By Angelos Anastasiou
The head of the Union of Cyprus Municipalities (UCM) and Famagusta mayor Alexis Galanos said on Monday he disagreed with proposals to reduce the number of municipalities from 39 to five.
He outlined weaknesses in the proposal, presented last week by the British National School of Government International (NSGI), and accused the government of capitulating to the demands of Cyprus’ international lenders.
Galanos said that while the UCM appreciated the detailed way in which the study was prepared, it was only preliminary and he claimed to have identified a mistake in one of the study’s main arguments.
“The study is based on the UK’s model of local administration, which provides for the highest concentration per municipality in Europe, at around 150,000 residents,” he told a news conference.
“Cyprus, on the other hand, according to the study ranks fifth from last in the EU, averaging 2,200 residents per municipality, which is incorrect as our municipalities average roughly 22,500 residents. Perhaps the number includes local communities, but that isn’t clear in the study.”
The proposal was submitted last week and looked into streamlining local administration with a view to cutting costs, improving the quality of offered services and devolving power from central government to local authorities.
The report identified four restructuring scenarios but favoured the dissolution of all existing structures of local government and the creation of five new directly elected administrative bodies with boundaries matching those of existing district offices.
An NSGI delegation will visit Cyprus in March to hold further meetings with Interior Minister Socratis Hasikos and local administration officials and will depart with a shortlist of two options favoured by the government before submitting a final recommendation on March 31.
A second study by an Italian house, commissioned by the UCM with the blessing of Hasikos, is expected in early March, the Famagusta mayor announced.
Galanos said that despite some misgivings, the UCM did agree with many of the report’s findings, like the need to eliminate the impact of ‘rusfeti’ and the need to modernise the civil service, but he argued in favour of gradual adjustment instead of radical measures.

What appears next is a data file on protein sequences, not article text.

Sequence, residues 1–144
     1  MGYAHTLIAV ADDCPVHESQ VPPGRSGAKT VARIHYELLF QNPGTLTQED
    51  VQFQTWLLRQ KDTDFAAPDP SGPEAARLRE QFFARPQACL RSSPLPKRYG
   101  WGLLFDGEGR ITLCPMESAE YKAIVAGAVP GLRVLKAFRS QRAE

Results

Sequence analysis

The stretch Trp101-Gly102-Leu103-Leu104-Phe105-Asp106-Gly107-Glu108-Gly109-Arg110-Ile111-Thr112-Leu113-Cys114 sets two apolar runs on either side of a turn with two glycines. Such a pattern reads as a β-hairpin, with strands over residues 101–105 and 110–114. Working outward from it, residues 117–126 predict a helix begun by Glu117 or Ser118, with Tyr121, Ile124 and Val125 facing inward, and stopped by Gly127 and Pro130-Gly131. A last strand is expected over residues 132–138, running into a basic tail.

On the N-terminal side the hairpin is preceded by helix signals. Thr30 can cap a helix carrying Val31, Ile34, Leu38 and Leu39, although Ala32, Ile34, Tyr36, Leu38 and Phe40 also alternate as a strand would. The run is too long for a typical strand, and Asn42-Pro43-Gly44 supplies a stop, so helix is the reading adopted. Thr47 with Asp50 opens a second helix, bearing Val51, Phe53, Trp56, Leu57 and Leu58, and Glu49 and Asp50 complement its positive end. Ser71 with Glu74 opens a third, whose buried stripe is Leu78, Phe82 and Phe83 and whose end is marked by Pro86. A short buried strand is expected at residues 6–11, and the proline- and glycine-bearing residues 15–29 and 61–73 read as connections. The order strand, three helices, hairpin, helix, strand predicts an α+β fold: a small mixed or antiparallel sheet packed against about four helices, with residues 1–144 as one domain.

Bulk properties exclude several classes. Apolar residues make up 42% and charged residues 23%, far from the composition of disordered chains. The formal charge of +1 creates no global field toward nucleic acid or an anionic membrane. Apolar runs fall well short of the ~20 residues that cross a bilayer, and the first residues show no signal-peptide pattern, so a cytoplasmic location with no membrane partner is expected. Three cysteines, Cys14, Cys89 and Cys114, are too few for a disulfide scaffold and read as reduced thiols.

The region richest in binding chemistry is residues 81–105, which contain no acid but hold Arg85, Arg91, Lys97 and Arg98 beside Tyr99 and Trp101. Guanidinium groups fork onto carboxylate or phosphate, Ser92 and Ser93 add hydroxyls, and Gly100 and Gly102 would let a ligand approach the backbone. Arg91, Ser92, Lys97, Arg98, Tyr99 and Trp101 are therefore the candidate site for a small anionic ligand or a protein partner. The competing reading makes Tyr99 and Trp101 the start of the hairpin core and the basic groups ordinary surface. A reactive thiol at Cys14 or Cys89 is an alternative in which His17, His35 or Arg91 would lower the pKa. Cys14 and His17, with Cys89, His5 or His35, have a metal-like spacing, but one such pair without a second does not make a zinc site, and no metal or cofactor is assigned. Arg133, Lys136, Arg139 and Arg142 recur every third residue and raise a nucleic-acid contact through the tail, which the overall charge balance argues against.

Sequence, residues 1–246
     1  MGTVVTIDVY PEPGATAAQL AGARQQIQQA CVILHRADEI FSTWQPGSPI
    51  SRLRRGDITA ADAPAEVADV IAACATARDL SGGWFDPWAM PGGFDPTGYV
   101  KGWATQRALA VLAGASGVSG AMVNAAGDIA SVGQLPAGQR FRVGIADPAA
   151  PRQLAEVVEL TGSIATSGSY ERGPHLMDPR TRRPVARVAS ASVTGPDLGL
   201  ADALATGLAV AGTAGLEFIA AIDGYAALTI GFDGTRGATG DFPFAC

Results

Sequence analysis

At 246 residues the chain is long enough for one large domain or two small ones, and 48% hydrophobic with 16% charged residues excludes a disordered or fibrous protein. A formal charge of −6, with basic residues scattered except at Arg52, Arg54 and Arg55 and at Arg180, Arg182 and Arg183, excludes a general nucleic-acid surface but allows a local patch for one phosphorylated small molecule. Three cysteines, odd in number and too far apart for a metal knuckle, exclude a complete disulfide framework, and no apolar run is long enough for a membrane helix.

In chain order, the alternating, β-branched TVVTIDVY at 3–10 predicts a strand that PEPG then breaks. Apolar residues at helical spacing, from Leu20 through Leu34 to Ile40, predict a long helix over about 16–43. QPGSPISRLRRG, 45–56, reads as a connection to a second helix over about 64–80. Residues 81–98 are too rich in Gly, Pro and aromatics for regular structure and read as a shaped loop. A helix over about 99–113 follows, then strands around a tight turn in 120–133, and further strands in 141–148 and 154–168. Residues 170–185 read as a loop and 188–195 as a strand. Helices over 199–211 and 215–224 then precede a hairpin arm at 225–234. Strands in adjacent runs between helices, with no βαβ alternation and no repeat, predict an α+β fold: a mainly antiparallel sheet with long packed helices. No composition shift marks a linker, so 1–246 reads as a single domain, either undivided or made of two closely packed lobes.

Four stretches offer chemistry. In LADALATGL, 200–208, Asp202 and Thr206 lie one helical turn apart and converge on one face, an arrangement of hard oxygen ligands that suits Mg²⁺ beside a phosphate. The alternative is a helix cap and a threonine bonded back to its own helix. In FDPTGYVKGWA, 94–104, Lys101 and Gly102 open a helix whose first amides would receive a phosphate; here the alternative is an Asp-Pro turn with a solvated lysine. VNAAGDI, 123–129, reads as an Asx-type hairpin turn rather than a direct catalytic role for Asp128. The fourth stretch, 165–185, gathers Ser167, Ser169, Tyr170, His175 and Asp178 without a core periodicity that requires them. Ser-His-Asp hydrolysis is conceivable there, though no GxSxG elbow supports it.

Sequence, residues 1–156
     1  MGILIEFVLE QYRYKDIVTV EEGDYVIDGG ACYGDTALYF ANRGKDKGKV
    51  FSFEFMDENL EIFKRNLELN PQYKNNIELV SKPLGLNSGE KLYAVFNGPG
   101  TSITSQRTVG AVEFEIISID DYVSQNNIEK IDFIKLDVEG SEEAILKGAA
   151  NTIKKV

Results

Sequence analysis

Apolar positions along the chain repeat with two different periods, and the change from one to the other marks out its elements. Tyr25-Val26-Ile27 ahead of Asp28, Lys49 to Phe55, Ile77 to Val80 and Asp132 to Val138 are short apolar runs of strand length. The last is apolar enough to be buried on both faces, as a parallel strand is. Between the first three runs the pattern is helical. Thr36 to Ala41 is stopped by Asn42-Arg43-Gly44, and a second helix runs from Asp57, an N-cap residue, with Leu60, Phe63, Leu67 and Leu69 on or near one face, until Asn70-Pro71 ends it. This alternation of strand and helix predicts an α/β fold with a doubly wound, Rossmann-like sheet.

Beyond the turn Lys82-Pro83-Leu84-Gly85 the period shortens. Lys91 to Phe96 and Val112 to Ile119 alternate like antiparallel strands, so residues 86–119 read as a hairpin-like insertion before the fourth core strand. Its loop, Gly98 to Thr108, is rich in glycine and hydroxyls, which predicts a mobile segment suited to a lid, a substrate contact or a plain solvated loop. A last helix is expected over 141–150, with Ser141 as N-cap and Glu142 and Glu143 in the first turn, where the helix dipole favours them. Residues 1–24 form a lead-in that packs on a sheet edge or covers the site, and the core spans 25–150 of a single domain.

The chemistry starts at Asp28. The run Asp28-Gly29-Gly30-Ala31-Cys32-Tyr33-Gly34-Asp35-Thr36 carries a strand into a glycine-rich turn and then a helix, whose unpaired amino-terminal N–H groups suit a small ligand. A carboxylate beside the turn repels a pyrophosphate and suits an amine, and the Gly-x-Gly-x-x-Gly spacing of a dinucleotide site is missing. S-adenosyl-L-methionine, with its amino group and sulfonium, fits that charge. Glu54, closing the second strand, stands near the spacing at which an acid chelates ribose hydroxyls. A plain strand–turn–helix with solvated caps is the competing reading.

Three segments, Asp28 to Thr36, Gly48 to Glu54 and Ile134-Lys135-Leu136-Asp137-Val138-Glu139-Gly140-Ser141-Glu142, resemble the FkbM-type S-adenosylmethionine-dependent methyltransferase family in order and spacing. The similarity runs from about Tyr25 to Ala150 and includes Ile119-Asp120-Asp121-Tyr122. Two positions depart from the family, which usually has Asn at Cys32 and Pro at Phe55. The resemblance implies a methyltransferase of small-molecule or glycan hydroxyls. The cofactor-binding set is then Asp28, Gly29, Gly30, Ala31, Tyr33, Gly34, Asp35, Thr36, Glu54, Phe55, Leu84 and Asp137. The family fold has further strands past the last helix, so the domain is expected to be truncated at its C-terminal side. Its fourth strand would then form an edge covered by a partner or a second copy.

“We agree with the basic aim of improving services provided to the public, but the world can’t change in one day,” he said.
The UCM head raised questions as to the viability of the proposal, citing potential difficulties in terms of implementation and practical issues.
“The experts’ proposal may seem ‘clean’ and ‘radical’ on paper, but it is not easy to implement. The government has to consider the labour and social costs involved,” he said.
Galanos said more local authority officials and academics should have been consulted as NSGI delegations met mostly with ministry employees in preparing the report.
Galanos also raised the issue of the study’s cost, saying that although the study itself is a “gift from the UK government”, the government had paid for experts’ travel expenses, as well as accommodation and transport while on the island.
In light of the proposed scenario’s weaknesses, Galanos said he believed the government would eventually opt for other options presented in the report which include clustering or merging municipalities.
The Famagusta mayor accused the government of blindly following the troika’s orders and warned against victimising local administration.
“The proposal to reduce the number of municipalities is not a troika requirement. The troika wants us to save money but can’t tell us how to do it – that would equal total surrender on our part,” he said.